The OPPO Reno2 is OPPO’s update to the Reno series which came out earlier this year. And it’s pretty much outdated, considering the fact that OPPO have already released the Reno3 lineup. While it isn’t indicative of the Reno2 itself, it sure does speak to the way OPPO thinks about innovation, or rather, the longevity of their devices. But let’s skip all that, and get to how the Reno2 performs, so sit back, relax, and let’s get to the review of OPPO’s Reno2!
Design & Aesthetics
In terms of design, it’s more or less similar to what the original Reno and Reno 10x Zoom looked like, including the ‘shark-fin’ pop up camera. It isn’t the greatest looking in the world, but it is most certainly unique. Besides that, my variant of the Reno2 came in Ocean Blue, which admittedly, looks pretty snazzy. My only complaint really was the fact that the phone looked too similar to the Reno, and Reno 10x Zoom. There really isn’t much differentiating the Reno2 from the rest, and that kind of puts a damper in the review. Well then again, the colour scheme looks pretty much similar to every smartphone out there. And that makes it less so appealing.
But besides that, it comes with a 6.5″ AMOLED display with Corning Gorilla Glass 6, making it quite resistant to scratches/breaking. It comes in at 160 x 74.3 x 9.5 mm dimensions, and weighs 189g, so it’s not that hefty, but is definitely a noticeable form factor. The back is also very slippery, so we highly advise you get a case to go with the phone. But external aesthetics and design isn’t the only thing we look at, as the Reno2 comes packaged with OPPO’s ColorOS 6.1 based on Android 9. And internally, I just can’t like the phone at all.
The icons as well as quick settings icons don’t feel that fleshed out to me. It honestly, just feels cheap and makes the phone a harder sell. While OS doesn’t really matter to many people out there, I just couldn’t with the ColorOS Android skin. It just made the device a worse phone to use.
While I was bashing the phone on the basis of similarities to previous Reno series phones, and the OS, it performed well. There was nothing I could really distinguish between its performance and that of other smartphone in this price segment. The Reno2 comes with a Qualcomm Snapdragon 730 (SDM7150) chip, so it’s not the best out there. But to counteract this, they packed in quite a bit of RAM, as the Reno2 comes with 8GB of RAM to make the device snappy, and operate smoothly.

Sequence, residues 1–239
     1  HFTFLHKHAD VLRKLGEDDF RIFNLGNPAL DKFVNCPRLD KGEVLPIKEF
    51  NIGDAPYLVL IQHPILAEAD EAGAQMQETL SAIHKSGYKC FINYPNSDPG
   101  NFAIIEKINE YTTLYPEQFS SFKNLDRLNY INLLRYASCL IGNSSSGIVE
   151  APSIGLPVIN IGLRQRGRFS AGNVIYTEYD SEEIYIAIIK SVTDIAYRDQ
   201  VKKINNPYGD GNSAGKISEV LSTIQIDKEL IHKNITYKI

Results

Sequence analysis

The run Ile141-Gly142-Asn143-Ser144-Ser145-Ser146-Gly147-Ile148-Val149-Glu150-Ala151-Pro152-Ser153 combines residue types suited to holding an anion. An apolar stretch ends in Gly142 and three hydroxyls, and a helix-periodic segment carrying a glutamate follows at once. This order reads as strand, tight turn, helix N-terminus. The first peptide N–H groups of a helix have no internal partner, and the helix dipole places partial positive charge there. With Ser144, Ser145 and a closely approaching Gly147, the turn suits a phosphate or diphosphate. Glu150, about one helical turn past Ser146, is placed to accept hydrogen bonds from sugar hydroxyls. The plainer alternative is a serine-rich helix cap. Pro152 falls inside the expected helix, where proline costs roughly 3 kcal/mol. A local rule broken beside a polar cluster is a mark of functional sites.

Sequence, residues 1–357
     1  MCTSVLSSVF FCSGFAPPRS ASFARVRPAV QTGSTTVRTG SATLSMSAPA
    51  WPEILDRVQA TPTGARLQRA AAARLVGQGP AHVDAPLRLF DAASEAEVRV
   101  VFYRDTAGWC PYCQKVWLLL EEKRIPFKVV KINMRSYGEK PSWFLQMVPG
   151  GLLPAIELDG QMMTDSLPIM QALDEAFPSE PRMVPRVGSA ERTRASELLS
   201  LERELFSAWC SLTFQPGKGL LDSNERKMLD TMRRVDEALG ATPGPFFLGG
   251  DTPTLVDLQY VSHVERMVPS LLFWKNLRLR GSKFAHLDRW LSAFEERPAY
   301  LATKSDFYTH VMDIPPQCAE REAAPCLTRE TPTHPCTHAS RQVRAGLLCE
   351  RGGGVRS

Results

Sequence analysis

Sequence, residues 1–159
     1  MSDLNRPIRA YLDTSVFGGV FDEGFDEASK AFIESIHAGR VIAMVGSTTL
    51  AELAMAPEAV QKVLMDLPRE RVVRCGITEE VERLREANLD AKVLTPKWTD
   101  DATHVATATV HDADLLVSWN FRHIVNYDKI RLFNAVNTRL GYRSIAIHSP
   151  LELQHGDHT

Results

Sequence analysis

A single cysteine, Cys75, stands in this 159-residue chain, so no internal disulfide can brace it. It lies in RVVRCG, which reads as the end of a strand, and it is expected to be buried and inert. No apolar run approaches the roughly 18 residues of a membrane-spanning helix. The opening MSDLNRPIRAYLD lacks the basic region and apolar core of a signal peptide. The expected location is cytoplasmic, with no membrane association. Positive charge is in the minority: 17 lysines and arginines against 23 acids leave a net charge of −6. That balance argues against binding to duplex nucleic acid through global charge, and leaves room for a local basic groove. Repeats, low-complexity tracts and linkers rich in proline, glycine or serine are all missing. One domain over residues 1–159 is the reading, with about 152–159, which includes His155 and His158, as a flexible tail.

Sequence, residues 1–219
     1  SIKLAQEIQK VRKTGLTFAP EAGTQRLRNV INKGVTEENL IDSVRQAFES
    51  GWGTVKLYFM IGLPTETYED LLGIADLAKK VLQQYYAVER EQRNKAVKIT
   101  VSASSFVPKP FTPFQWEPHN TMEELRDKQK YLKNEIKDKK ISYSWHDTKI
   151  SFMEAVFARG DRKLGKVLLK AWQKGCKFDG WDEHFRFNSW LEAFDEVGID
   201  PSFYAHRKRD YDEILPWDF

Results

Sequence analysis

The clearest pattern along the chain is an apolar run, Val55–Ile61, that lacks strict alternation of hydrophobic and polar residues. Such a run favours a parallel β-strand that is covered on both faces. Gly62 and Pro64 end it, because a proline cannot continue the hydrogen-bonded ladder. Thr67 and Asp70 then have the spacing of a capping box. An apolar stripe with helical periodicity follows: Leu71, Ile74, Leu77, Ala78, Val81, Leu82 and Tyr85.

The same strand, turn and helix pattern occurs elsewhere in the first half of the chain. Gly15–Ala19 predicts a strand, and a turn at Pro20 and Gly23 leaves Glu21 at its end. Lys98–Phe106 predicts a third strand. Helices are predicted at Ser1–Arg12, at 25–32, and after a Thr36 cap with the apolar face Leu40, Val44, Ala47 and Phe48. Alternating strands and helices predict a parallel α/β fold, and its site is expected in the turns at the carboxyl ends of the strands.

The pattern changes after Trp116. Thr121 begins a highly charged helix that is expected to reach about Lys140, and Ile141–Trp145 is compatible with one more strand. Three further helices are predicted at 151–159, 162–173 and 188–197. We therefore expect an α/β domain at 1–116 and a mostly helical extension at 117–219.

In terms of battery, the Reno2 comes with a 4000mAh battery, which really gives the phone an overall more appealing package. It’s actually quite a great battery, and gave us a solid day of usage with music, video streaming, messaging, and emails. At this point, if the phone can get me through the day without me having to worry about it, it’s good enough. They do claim that the phone is capable of 8 hours of continuous gaming or 13 hours of continuous video playback, but I’m calling bullsh*t on that one. I don’t think any device right now can do that, without any caveats that is.
Now comes the main attraction of the OPPO Reno2, the cameras. On the back, the Reno2 comes with a quad camera setup, which has a 48MP main shooter, 13MP telephoto lens, 8MP Ultra Wide angle lens and a 2MP Mono lens. Unfortunately, the phone doesn’t have the 10x zoom that the very aptly named Reno 10x Zoom has. Instead, it comes with a 5x hybrid zoom, but honestly, it was good enough. If you think about it rationally, how often are you zooming into things anyway? You have to consider the more practical aspects of phones, and not be wowed by the flashy words companies are using to sell you their product.
But anyway, photo quality from the Reno2 was great. Pictures were sharp, colours were accurate and not at all washed out or blown out of proportions. It can lag a bit when you’re switching camera modes, but overall, it shouldn’t hinder you too much in getting the perfect shot. It does its job, and well.
On the front of the device, you’ve got the now iconic Reno series pop shark-fin camera. I don’t think they actually call it that, but that’s what it looks like to me. The camera placement gives the phone the ability to have a full screen with no notch. And that’s a big plus for the Reno2. The front facing camera is a 16MP shooter, and it does what it has to. Take selfies. The pictures are pretty good quality, nothing to complain about, but the beautifying features are a bit off putting but luckily, you can edit those features out.
The OPPO Reno2 is a solid performer and overall deal when you take into consideration what it brings to the table. The only thing you might not like about it, is it’s similarities to past Reno devices, and basically any other device. The one thing making the phone unique is the fact that the selfie camera pops out in a different way. But other than that, the specs are on par with other smartphones out there. But the display, speed, and cameras are great on this phone, don’t get me wrong. It just doesn’t differentiate itself among the rest as much as it should’ve. But maybe we’ve reached a point where all smartphones are basically the same thing, just differently branded.